"Let's go," he says, not sounding happy.
"How is the patient," she asks.
"In a coma, so he'll keep." he says. She stands, rubbing her face and smudging her eyeliner slightly. It has started snowing sometime in the night and Cuddy drives home overcautiously due to the ice and her tiredness.
"Stay," she says because it's dangerous out. He doesn't argue and she points him to the guestroom and closes her bedroom door.
She's been asleep for less than an hour when she wakes up and she wakes because he has come into her room.
"House?" she asks, wishing she'd bothered to put on pajamas instead of just stripping down to her skivvies.
"Do you have pain killers?" he asks, his voice raspy. "I'm out of Vicodin." She knows Wilson has been monitoring his prescriptions – teaching him how to pace himself.
"When can you get more?" she asks.
"Morning," he says and she can see the sweat gathering on his forehead and his eyes look glassy. She believes his pain. She pushes the covers back, ignoring her lack of dress – at least her bra matches her underwear.
"Lay down," she orders and she moves to the bathroom. He listens to her rummage without comment. This worries her. She has an emergency kit under her sink and she brings it out, sitting cross-legged next to him. She pulls out the syringe and the small vial of morphine. He's in a white undershirt and boxers; his mangled thigh is there for her to see. She swabs the small injection site and gives him the shot. His eyes flutter in relief. "House," she says but he hardly reacts to the sound of her voice.
"You're pretty naked." he says, slurred. She can't tell if this is a compliment or an observation, so she shakes her head and moves to put away the kit. She puts on her robe in the bathroom – short but any cover is welcome and she plans to move to the guest room or the couch but his arm reaches out as she walks by and snags her wrist.
"Stay," he echoes. He is here and warm and maybe she should just give in to the temptation of a man in her bed – even this man – for just once.
"Lose the robe." She does this, too, and when she climbs under the covers, he pulls her against him and lets his hand rest in the dip of her waist. "I like you in red."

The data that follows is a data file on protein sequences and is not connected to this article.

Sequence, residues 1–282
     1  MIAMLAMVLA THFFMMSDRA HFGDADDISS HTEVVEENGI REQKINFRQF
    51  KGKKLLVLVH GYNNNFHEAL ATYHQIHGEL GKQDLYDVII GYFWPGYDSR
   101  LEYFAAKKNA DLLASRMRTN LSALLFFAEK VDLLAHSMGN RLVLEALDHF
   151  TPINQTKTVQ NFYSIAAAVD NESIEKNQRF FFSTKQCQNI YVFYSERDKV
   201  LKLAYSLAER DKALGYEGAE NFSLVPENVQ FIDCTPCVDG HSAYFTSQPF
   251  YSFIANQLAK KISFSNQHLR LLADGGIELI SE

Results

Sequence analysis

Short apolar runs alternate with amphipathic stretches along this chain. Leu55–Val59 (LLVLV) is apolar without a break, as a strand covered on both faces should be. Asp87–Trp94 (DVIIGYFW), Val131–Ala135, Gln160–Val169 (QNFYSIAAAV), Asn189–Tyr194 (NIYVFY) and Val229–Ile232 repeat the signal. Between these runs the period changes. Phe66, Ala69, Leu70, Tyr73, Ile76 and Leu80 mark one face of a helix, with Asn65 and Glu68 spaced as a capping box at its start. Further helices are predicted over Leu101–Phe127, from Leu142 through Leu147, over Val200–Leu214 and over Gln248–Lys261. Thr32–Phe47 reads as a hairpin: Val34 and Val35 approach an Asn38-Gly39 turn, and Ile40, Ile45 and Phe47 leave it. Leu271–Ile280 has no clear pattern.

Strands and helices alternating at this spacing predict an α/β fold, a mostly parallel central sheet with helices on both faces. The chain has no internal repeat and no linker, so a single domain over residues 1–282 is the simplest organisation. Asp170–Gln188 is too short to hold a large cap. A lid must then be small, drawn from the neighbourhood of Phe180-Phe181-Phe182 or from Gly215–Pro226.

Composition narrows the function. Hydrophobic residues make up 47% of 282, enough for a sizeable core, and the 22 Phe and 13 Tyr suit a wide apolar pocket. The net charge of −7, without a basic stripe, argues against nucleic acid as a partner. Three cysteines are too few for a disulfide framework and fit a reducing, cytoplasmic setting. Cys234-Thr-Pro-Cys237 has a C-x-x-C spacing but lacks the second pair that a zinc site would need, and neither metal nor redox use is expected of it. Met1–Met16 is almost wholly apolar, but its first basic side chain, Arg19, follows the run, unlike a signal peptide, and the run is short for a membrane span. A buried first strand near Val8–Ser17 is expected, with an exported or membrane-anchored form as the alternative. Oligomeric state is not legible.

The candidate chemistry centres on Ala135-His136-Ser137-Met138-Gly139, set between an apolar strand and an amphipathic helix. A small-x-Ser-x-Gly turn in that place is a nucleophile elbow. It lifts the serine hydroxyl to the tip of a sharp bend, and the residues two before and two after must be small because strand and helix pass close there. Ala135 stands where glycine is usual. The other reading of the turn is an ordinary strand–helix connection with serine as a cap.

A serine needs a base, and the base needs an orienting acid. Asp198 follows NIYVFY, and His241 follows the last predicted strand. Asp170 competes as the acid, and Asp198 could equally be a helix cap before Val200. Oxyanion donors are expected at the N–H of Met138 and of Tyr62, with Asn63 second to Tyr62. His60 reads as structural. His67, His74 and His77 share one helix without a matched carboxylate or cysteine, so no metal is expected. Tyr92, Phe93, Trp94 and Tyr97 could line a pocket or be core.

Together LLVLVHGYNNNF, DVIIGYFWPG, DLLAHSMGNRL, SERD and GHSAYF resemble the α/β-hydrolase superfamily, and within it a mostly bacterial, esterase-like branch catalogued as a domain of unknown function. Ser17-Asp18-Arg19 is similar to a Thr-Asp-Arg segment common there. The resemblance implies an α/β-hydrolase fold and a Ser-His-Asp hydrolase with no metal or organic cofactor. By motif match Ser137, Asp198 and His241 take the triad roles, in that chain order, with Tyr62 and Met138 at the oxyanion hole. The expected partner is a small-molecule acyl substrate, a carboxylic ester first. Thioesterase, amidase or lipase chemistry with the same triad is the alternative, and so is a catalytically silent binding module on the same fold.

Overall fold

"Stop talking, you're ruining it." she scolds. He buries his face in her hair and they sleep.
Three hours pass, maybe, before she can feel his stubble against the skin of her neck, hips lips on her ear. She's confused by this change of heart and she doesn't want to be a distraction from Stacy – any sort of replacement. She doesn't want to ruin their working relationship for a one night stand. His tongue is hot, though, and his hands are beginning to move across her body. She hears her breath catch and to House it's like permission. When he finds a sensitive spot, her back arches and he seizes the opportunity to unhook her bra.
She wants to kiss him but she knows there's no stopping if she does. He's everywhere at once and her bra has been flung away from the bed. His mouth migrates back from her breasts to her jaw line and she gives in. He tastes just how he ought to – a little metallic and a lot addicting. His hands are buried in her hair and her body hums with the weight of a man on her.
"Join the party," he whispers, he begs and she starts pulling off his clothes. This makes him chuckle and she relaxes, remembering that this is supposed to be fun.
Her alarm goes off and her eyes feel like someone poured sand in them. She'd never been good at all nighters even in college and now, well, into her… she can say it, very early forties, she feels like death warmed over. She bangs the snooze button and considers sleeping through the day with her phone off the hook.
The alarm doesn't even cause House to stir. His sleep is heavy – medicated – and she feels a stab of irritation that it's his day off. Her bed linens are, for the most part, crumpled on the floor and House looks very white and long against her lavender sheets. She doesn't know how he always looks like he fits in, no matter where he is. She moves to the bathroom and turns on the hot tap, not the cold, and plugs the tub.
She feels strangely apart from herself; distinctly without emotion. She glances in the mirror and plans to wear a high collar and she almost can't get into the water, it burns so. Hissing and gritting her teeth, her skin has turned bright red. Her hair is getting long now and floats in the water next to her. She sinks until the water is just under her nose.